House moves testing bill for drugged drivers
CHARLESTON, W.Va. -- A bill passed by the West Virginia House Judiciary Committee would take the licenses of drivers who refuse a blood test after an arrest.
Gov. Earl Ray Tomblin proposed the change to try to crack down on drugged driving in the state. Currently drivers can lose their licenses for refusing a breath test after being arrested, but breath tests are useless for detecting drugs. State police say they need to use blood tests to prosecute drugged drivers.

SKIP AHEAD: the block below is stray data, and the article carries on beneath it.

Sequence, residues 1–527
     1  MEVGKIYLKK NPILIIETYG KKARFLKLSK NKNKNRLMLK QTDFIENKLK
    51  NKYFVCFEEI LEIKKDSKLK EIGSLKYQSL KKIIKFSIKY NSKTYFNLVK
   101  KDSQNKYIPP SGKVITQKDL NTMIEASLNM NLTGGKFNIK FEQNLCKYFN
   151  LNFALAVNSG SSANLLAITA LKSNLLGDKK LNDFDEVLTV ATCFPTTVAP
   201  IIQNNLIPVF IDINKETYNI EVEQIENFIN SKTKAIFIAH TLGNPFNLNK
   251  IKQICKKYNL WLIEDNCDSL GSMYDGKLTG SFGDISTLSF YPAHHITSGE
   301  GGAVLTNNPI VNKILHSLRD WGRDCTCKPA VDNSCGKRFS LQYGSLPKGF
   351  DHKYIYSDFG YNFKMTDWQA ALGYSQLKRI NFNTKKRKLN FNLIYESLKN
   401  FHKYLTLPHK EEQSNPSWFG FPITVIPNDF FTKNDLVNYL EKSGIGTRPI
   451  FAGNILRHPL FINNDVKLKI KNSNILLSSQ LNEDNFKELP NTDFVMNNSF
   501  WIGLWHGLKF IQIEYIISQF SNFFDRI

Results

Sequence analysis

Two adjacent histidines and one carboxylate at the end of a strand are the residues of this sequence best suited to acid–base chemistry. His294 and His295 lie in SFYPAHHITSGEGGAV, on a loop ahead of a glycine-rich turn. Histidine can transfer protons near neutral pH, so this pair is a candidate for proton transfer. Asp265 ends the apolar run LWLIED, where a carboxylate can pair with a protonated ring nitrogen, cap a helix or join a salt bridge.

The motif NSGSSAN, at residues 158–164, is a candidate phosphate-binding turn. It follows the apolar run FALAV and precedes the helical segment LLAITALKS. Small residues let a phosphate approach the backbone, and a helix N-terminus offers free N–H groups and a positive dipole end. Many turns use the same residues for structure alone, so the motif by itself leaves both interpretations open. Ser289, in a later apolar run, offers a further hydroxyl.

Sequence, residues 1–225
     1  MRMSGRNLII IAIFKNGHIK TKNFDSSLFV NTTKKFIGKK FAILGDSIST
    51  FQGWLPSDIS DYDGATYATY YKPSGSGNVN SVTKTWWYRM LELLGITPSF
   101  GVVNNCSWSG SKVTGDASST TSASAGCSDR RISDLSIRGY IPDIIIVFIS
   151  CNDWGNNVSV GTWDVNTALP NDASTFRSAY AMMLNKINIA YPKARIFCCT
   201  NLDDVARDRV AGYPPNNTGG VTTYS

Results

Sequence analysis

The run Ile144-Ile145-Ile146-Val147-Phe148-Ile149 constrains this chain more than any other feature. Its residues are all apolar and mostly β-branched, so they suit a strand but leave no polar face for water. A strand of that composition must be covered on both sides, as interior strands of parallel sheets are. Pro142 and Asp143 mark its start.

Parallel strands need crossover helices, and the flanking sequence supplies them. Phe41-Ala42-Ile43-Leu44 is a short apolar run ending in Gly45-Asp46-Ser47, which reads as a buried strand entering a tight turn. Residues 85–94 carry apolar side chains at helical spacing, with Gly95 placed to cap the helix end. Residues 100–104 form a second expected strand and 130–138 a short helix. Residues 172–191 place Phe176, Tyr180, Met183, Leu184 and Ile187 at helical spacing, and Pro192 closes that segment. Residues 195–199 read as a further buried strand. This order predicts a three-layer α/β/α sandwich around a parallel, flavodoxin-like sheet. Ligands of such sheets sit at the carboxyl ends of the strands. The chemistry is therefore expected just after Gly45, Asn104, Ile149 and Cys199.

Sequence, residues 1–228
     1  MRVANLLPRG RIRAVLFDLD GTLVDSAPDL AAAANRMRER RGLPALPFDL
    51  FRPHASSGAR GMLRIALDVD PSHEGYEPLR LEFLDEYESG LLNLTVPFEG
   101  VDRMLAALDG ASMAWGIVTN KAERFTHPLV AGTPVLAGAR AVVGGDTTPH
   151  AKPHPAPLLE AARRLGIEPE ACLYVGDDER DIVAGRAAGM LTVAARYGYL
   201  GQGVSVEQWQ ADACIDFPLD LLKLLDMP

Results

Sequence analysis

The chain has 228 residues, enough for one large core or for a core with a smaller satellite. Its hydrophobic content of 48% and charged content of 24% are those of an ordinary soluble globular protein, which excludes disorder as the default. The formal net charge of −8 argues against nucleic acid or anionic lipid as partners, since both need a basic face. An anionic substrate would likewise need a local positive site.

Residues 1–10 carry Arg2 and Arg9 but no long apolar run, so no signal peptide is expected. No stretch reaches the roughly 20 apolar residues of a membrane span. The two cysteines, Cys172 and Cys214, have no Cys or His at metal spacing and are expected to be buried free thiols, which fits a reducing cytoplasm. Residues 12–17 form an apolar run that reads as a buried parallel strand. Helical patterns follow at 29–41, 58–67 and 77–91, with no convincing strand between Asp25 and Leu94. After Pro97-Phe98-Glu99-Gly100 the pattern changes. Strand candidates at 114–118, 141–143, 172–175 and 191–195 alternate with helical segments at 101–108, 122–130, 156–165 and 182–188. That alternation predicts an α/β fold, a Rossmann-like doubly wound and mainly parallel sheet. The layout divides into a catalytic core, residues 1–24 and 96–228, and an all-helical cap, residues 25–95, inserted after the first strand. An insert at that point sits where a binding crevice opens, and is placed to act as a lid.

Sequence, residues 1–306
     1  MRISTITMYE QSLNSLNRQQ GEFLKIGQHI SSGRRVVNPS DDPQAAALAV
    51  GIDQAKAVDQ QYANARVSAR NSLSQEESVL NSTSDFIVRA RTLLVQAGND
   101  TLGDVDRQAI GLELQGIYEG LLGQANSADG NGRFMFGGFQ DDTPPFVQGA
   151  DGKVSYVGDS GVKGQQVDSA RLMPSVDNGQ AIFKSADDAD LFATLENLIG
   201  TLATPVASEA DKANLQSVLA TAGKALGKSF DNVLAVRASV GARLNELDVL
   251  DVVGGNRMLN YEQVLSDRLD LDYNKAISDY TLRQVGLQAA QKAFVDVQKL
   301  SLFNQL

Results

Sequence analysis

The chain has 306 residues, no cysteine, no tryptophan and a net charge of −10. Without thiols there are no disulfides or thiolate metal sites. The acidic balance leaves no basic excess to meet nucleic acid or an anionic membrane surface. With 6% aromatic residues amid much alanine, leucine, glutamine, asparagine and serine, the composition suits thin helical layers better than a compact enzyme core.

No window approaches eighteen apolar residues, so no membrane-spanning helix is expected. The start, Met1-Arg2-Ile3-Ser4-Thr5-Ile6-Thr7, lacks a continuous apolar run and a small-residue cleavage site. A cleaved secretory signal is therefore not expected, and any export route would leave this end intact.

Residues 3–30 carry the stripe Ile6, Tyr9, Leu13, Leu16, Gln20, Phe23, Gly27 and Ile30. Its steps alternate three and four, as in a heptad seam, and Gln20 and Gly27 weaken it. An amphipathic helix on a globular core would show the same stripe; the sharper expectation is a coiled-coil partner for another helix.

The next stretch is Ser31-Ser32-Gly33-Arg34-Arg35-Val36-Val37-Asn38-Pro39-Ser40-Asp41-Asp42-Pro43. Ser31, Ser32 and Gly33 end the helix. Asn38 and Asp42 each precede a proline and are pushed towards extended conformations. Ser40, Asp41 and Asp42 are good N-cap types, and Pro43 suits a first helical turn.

The bill passed on a split voice vote Tuesday after contentious debate.
Opponents of the bill said a blood test is a much more invasive search than a breath test. They were also concerned that the legislation does not set specific guidelines for what levels of drugs in the blood are considered intoxicating.